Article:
‘One Million Tiny Plays About Reading’ at the Progress Theatre

By Sue Beckett and Adam Harrington.

One Million Tiny Plays About Reading. Photo (c) Aidan Moran.

All human life in Reading is observed in One Million Tiny Plays About Reading at the Progress Theatre this week, a series of vignettes that includes pet funerals on Caversham bridge, chuggers competing for custom on Broad Street, a boy regretting his choice of barber, an awkward marriage proposal on the Oracle ‘beach’ and a touchingly sad picnic at Reading old Cemetery.

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Children helping children at the Hexagon

By Cathy Doberska, head teacher at English Martyrs’ Catholic Primary School.

Children helping children concert 2019. Photo: James Denny

On Tuesday 19 March, pupils from 11 Reading schools took part in the annual Children Helping Children concert at the Hexagon theatre. This included students from south Reading schools including John Madejski Academy, Whitley Park Primary, Christ the King Catholic Primary, Ridgeway Primary and Geoffrey Field Junior.

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‘The 39 Steps’ with the Shinfield Players

By Gillian Tunley and Brenda Sandilands.

Photo (c) Lizzy Lam

The Shinfield Players Theatre are presenting John Buchan’s and Alfred Hitchcock’s classic thriller The 39 Steps this week in a highly comedic adaptation by Patrick Barlow (from an original concept by Simon Corble and Nobby Dimon) involving four stellar actors playing over 130 roles in over 50 locations, phew!

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‘Jerusalem’ at the Progress Theatre

By Gillie Tunley and Brenda Sandilands.

‘Jerusalem’ at the Progress Theatre. Photo courtesy of the Progress Theatre.

The inspired Progress Theatre Company are staging Jerusalem, the acclaimed and award-winning play by Jez Butterworth. Tautly directed by the insightful John Goodman, it is a savagely funny and anarchic masterpiece of life in our green and pleasant land whose themes of disaffection, poverty and homelessness resonate still now.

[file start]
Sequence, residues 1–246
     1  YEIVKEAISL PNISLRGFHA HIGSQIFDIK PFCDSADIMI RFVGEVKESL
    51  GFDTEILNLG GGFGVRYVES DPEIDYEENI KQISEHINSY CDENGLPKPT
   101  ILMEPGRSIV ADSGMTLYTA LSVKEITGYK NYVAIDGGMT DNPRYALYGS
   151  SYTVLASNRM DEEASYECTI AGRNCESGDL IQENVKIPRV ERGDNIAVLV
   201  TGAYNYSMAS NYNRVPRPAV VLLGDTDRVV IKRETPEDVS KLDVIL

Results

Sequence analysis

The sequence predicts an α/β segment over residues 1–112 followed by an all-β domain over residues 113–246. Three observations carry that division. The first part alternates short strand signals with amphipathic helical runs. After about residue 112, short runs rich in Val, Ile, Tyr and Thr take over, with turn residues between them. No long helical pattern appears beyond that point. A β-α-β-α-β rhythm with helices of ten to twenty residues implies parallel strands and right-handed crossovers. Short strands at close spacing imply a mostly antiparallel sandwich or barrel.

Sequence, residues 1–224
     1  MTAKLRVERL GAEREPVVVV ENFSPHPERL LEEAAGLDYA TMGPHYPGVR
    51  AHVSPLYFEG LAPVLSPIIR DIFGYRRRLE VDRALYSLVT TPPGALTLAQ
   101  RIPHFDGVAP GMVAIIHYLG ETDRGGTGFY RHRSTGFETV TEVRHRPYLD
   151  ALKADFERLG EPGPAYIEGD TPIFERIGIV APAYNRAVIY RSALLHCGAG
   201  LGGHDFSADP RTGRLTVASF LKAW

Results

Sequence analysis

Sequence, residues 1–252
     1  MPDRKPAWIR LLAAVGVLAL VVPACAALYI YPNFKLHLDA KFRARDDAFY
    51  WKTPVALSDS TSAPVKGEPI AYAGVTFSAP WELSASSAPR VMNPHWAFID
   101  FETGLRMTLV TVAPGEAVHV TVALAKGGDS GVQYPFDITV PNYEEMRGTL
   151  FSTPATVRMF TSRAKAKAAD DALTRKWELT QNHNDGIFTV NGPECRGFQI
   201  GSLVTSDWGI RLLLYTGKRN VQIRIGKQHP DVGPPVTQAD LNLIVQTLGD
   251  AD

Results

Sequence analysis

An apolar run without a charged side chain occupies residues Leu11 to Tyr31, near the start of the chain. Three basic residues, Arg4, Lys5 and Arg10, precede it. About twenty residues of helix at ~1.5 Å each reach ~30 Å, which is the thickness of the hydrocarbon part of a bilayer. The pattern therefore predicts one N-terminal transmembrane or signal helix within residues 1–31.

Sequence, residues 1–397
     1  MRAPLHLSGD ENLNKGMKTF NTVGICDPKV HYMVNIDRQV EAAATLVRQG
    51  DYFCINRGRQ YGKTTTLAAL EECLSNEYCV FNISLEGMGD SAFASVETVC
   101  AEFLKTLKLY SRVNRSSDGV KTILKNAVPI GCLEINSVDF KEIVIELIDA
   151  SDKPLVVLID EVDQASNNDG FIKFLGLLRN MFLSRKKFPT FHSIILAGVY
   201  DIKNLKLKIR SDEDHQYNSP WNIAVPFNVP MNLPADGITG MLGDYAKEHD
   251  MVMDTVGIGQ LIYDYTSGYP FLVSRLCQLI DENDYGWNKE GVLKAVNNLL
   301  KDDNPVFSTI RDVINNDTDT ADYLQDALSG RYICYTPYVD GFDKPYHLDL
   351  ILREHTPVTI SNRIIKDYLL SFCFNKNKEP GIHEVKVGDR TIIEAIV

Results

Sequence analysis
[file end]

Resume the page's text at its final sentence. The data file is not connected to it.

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How Reading MPs Matt Rodda and Alok Sharma voted on the 29 January Brexit amendments

The House of Commons voted on seven amendments to the EU (Withdrawal) Act yesterday evening. Reading MPs, Matt Rodda (Labour MP for Reading East) and Alok Sharma (Conservative MP for Reading West), voted opposite ways on six of the seven amendments.

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‘A Christmas Carol’ at the South Street Arts Centre

The ghost of Christmas present from RBL’s ‘A Christmas Carol’. Photo: VIVA photography.

The Reading Between the Lines theatre group is performing Anna Wheatley’s version of A Christmas Carol at Katesgrove’s South Street Arts Centre throughout December. Charles Dickens’ classic novel about a diligent entrepreneur driven to emotional collapse by the health problems of his employee’s children now includes some blindingly good puppetry, several terrific song-and-dance numbers, and a lot more comedy.

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Ventriloquising the silence in the Great Hall

Hampus Lindwall playing the organ in Reading University’s Great Hall. Photo: Sue Beckett

Every time I hear the excited phrase on BBC Radio 3 ”and now, the world premiere of…” I suspect there’s a good reason the piece had never been previously broadcast. So, I was a little nervous at spending 70 minutes at an experimental organ recital at Reading University’s Great Hall called Redundant as eyelids in absence of light on 15 November. But Sue Beckett and I rather enjoyed it, in a baffled, we’re-only-from-Reading-what-the-hell-is-going-on sort of way.

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‘Birdsong’ at the Progress Theatre

‘Birdsong’ at the Progress Theatre. Photo (c) Richard Brown

We will remember them…

The Progress Theatre are performing Sebastian Faulks’ poignant Birdsong this week. Cleverly condensed for the stage by Rachel Wagstaff, this story of love and loss alternates between the war torn horror of 1916 and the tranquil peacetime of Amiens and is directed with great emotional insight by Steph Dewar.

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Henry II at St Mary’s Minster, with Reading Between the Lines

By Gillie Tunley and Adam Harrington.

Mark Middleton as Henry II. Photo: Pieter Lawman Photography.

The theatre company Reading Between the Lines (RBL) present the final instalment of their Conquerors trilogy, Henry II, in the thrillingly atmospheric St Mary’s Minster, Reading, until Saturday October 27. It is the story of love and power; love between a husband and wife, a King and his former drinking buddy, and a Welsh monk and a beaver.

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